By the Bioscience Core Lab team and Caitlin Clark
In the ongoing battle to learn more about SARS-CoV-2, the virus responsible for the COVID-19 pandemic, researchers from the KAUST Core Labs are contributing their expertise to help the world understand it.
The University’s Bioscience Core Lab (BCL) team recently sequenced the SARS-CoV-2 genome from 14 patient samples using Oxford Nanopore Technologies (ONT), a rapid, cost-effective and cutting-edge third generation sequencing (TGS) technology.
The samples came from a partnership with Arnab Pain, KAUST professor of bioscience, and his Pathogen Genomics lab group, who obtained them through his collaborations with local hospitals under the Saudi Ministry of Health.
To sequence the novel virus with ONT, the BCL team tailored the laboratory protocol through revisions of its chemistry and adapting the latest scientific advancements in the field.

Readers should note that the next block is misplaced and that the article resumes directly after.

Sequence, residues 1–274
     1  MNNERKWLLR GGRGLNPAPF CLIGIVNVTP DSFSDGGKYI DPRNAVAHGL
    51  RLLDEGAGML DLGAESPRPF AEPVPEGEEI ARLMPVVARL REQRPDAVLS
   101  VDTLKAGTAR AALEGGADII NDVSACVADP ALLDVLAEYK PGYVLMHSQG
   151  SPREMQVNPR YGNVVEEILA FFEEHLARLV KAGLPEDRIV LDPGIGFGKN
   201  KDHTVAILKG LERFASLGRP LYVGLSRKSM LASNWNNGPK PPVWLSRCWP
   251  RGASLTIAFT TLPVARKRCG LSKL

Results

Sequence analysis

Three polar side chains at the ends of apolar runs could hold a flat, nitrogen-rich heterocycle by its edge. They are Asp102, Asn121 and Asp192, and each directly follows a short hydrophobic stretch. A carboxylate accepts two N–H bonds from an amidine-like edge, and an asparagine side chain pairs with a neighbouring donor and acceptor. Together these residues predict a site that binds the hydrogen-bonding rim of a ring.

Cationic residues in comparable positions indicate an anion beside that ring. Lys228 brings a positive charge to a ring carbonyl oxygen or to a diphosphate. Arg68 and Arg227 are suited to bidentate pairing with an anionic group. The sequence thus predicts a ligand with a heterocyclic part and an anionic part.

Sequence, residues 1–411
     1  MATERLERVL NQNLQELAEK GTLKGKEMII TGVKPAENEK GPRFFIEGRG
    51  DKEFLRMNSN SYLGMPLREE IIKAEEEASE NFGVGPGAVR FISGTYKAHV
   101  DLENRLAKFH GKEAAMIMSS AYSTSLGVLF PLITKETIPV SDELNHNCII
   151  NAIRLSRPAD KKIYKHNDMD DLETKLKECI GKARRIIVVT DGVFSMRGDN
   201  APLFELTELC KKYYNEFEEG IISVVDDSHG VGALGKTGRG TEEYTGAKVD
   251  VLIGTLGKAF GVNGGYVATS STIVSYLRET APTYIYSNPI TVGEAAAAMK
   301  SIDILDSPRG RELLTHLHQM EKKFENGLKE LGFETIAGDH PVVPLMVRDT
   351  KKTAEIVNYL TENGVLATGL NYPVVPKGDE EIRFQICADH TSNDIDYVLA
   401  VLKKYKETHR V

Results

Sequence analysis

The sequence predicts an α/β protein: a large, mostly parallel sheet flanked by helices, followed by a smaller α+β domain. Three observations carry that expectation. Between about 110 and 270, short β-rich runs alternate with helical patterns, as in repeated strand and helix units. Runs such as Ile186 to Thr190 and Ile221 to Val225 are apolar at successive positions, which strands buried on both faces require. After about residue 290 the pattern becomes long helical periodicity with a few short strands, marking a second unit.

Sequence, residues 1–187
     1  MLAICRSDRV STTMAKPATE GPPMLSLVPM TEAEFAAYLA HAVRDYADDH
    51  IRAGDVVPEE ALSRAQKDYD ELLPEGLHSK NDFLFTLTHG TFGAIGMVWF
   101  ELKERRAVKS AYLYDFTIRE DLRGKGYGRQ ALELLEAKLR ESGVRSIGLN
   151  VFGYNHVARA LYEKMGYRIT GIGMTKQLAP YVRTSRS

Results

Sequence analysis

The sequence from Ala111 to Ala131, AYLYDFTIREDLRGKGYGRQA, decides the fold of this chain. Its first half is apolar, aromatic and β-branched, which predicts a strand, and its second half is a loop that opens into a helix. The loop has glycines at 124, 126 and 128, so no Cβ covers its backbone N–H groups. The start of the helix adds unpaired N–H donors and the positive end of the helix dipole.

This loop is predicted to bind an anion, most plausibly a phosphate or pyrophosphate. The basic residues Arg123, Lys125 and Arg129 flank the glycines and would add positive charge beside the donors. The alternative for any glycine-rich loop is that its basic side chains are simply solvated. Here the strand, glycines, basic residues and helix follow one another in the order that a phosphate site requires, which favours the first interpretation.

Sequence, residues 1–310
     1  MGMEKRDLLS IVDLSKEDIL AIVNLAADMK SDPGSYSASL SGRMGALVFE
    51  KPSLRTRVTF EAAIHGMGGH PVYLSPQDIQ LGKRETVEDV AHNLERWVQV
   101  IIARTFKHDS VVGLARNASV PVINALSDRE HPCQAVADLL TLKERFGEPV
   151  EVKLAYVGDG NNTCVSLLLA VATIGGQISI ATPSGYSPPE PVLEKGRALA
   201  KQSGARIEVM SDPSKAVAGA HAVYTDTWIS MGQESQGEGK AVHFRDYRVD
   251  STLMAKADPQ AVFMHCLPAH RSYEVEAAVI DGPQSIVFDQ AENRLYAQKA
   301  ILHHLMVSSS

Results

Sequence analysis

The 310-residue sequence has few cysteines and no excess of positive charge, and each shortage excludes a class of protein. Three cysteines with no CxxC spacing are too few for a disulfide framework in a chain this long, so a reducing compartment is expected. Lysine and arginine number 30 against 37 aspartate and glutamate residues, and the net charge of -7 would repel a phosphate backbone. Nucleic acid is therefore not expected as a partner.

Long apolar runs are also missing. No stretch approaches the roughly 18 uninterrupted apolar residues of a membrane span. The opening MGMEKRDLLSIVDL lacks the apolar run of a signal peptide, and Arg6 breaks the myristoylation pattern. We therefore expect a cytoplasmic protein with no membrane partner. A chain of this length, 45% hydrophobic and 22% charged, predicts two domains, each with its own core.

BCL is the only ONT service provider in the Kingdom. The advanced technology’s use for SARS-CoV-2 represents important progress in the field of genomics in Saudi Arabia and is a key step in fighting the virus. It also holds promise for the University to collaborate with other research institutes and healthcare organizations in Saudi Arabia in the future.
ONT uses a nanopore—a protein with integrated sensors that is attached to a synthetic membrane—to sequence nucleic acids, which can be either DNA or RNA. The nanopore makes a nanometer-sized hole in the membrane, allowing a single strand of DNA or RNA to pass through.
A membrane full of nanopores is located on a flow cell, which is approximately the size of a glass microscope slide, and it is loaded with genomic libraries. The libraries hold genomic fragments with attached oligonucleotide adaptors and a motor protein that allows the genomic libraries to approach the nanopores. They are then pulled through for sequencing. The technology is able to operate hundreds to thousands of nanopores simultaneously.